2014's fast food atrocities
Burger King's black cheeseburger: Made with squid ink and bamboo charcoal, arguably a symbol of meat's destructive effect on the planet. Only available in Japan.
“The machine of consumerism is designed to encourage us all to believe that our preferences are significant and self-revealing; that a taste for Coke over Pepsi, or for KFC over McDonald’s, means something about us; that our tastes comprise, in sum, a kind of aggregate expression of our unique selfhood.” Eleanor Catton’s essay about elitism in literature would be indelible for that one beautifully articulated observation alone, but the rest of it is pretty brilliant, too.
Catton, author of the Booker Prize-winning novel “The Luminaries,” was prompted to write it by a complaint from a fellow Kiwi about an article on the Paris Review website. The reader objected to the writer’s use of the word “crepuscular,” condemning the piece as “elitist” for that reason. Catton’s essay (which originally appeared in New Zealand’s Metro magazine last spring and was reposted in December) treats the reader’s ire as a symptom of the creeping consumerist attitude in our response to literature. That attitude includes the desire to be pleased, catered to and flattered by the products we consume and the companies who supply them, and an increasing intolerance of cultural experiences that make any demands on us.
I agree with Catton on almost every point. I’ve encountered a good bit of this mind-set among readers I’ve met, as well as where Catton found it in abundance: in Amazon customer reviews. But I also think Catton misses something important about the gripe that initiated her essay. The reader who found a writer’s use of “crepuscular” to be elitist wasn’t just annoyed at stumbling across a word he didn’t recognize and being made to take the trouble of looking it up. As Catton herself points out, when you’re reading online, the definitions of words are extremely easy to get. It seems doubtful the reader was, as Catton seems to think, put off by the “inconvenience” of this. Rather, I surmise, he was angry because the Paris Review piece made him feel ignorant.
Another reader, also unfamiliar with “crepuscular,” might have reached the same point, invoked the digital dictionary and thought, “Cool. New word!” Learning something — including new and potentially useful words — is one of the reasons people read, after all. To decide instead that the appearance of the word “crepuscular” is the writer’s way of signaling that only people already fully conversant with all the synonyms for “shadowy” need apply to the select society of his blog post (and the rest go hang themselves!) is quite a leap. In truth, the only way an encounter with a strange word can make you feel ignorant is if you already fear and suspect that you really are ignorant.
Intellectual insecurity is, alas, a pervasive problem in the literary world. You can find it among fans of easy-to-read commercial fiction who insist (on very little evidence) that the higher-brow stuff is uniformly fraudulent and dull, and you can find it among those mandarin bibliophiles who dismiss whole genres (on equally thin evidence) out of hand. One of the favorite gambits of people secretly uncertain about their own taste is identifying some popular book of incontestably lower quality than their own favorites and then running all over the Internet posting extravagant takedowns of it and taunting its fans. Yeah, I’m not crazy about “Fifty Shades of Grey,” either, but I’m not going to invest that much energy in proclaiming this sentiment to the world. To do so suggests you’re less interested in championing good writing than you are in grabbing any chance to feel superior to somebody else.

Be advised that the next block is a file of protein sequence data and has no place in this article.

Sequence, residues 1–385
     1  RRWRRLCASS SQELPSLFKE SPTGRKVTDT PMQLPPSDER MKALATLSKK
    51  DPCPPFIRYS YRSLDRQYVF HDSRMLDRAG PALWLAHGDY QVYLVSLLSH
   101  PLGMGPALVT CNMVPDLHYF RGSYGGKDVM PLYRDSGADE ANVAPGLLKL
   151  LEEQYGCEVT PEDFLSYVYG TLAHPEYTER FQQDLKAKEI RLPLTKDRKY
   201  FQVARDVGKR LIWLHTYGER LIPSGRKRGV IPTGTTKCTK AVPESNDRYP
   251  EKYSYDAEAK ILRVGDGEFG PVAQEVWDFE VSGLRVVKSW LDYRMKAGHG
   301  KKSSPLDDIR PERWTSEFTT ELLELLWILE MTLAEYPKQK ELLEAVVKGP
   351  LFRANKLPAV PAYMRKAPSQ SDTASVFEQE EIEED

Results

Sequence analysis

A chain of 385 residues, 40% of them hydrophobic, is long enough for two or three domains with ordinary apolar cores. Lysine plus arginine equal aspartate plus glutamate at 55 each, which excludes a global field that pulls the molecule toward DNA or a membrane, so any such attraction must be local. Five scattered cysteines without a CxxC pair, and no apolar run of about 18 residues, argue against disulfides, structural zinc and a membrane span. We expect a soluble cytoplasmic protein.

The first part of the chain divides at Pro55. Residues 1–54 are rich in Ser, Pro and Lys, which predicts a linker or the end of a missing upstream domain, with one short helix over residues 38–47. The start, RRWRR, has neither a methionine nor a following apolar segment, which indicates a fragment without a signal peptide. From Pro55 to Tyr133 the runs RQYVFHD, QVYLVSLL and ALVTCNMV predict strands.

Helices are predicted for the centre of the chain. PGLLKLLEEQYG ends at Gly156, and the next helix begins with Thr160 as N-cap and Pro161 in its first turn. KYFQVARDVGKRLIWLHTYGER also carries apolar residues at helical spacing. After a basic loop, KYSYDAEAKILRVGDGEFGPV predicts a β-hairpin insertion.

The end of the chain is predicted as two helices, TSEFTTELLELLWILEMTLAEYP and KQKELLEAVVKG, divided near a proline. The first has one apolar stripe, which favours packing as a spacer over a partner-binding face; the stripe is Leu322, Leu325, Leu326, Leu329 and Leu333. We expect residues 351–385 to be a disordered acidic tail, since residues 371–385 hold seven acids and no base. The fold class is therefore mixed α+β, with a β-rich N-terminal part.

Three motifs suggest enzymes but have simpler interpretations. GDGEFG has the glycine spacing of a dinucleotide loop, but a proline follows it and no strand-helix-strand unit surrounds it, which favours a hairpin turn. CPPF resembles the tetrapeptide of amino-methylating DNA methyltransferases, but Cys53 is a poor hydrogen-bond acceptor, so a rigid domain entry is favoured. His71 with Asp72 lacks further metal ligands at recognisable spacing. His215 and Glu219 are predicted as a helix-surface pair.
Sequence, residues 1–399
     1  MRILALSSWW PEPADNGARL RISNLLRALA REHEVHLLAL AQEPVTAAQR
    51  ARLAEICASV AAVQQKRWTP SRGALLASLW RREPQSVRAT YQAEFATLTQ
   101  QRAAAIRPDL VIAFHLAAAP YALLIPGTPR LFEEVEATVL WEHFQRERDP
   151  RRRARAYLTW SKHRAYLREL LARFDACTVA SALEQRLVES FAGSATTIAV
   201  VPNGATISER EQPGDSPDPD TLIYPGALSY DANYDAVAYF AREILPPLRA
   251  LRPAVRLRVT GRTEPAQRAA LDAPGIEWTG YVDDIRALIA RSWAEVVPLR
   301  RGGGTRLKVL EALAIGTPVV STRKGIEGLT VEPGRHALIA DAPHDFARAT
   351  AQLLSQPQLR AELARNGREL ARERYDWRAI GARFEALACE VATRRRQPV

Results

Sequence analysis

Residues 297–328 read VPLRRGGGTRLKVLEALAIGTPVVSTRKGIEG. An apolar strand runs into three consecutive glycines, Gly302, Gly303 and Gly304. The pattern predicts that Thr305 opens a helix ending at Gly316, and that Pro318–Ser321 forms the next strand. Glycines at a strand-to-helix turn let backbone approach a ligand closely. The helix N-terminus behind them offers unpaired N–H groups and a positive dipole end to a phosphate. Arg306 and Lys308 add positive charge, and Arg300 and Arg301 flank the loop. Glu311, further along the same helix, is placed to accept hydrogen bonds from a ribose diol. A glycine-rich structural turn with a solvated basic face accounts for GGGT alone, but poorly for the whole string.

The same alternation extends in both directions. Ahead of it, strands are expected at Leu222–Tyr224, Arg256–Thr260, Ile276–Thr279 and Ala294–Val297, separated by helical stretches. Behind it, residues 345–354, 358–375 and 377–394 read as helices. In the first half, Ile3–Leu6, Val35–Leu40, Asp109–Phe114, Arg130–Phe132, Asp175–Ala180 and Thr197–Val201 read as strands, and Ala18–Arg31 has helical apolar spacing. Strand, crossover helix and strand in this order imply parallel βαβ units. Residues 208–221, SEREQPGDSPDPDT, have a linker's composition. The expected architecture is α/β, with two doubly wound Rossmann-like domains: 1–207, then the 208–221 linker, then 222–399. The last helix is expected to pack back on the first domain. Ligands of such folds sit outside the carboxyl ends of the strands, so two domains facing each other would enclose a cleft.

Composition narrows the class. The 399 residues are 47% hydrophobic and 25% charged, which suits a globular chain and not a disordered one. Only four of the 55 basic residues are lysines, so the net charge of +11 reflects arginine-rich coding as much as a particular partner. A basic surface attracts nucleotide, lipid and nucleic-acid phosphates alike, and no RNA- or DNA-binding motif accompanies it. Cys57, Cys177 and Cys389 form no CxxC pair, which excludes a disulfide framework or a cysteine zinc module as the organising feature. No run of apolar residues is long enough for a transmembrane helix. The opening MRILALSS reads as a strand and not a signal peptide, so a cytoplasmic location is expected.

Why do some people overreact to “crepuscular” or to bestselling lady porn or to any number of other minor irritants involving tastes more or less refined than their own? Why do they take offense so easily when another reader turns up his nose at a book or genre they love or insists on loving a book they deem substandard? When I get the chance to quiz someone who seems disproportionately passionate about the snobbishness of literary critics or the rabble’s appetite for trash, there’s usually some highly charged personal history behind their indignation.
A teacher, a parent, a romantic partner, a friend, a roommate, even a co-worker has made them feel ashamed over a book or genre of books they enjoy or admire. They were told to put away the comics or teased for de-stressing with a romance novel on coffee break. Or, conversely, they might dream of being included in some tony, brainy (and possibly entirely imaginary) community of letters while at the same time worrying that they won’t make the grade. There are those whose fantasies of leading a “literary” life largely involve having their own superior discrimination and erudition admired by other superior minds. The result of all this baggage is a preposterous, resentful pecking order in which readers get way too much pleasure out of pissing on other readers’ preferences and/or jumping, on the slightest pretext, to the conclusion that their own are being ridiculed.
Catton does have a dog in this fight. She wrote a long, complex, moderately challenging and critically acclaimed novel, one that has gone on to garner its own share of bewildered and testy Amazon reviews. Perhaps anticipating these, she laments the thinness of the one-star reviews attached to similar titles, responses that strike her as depressingly similar, reducible to “(1) this book was confusing; (2) this book was boring; and (3) this book was badly written.” None of these objections are engaged or expressive enough to constitute real criticism, Catton maintains, and when she finds a review that amounts to “If I had understood/enjoyed/been interested in this book, it would have been better,” she confesses that she is “always tempted to reply: ‘If you had understood/enjoyed/been interested in this book, you would have been better.’”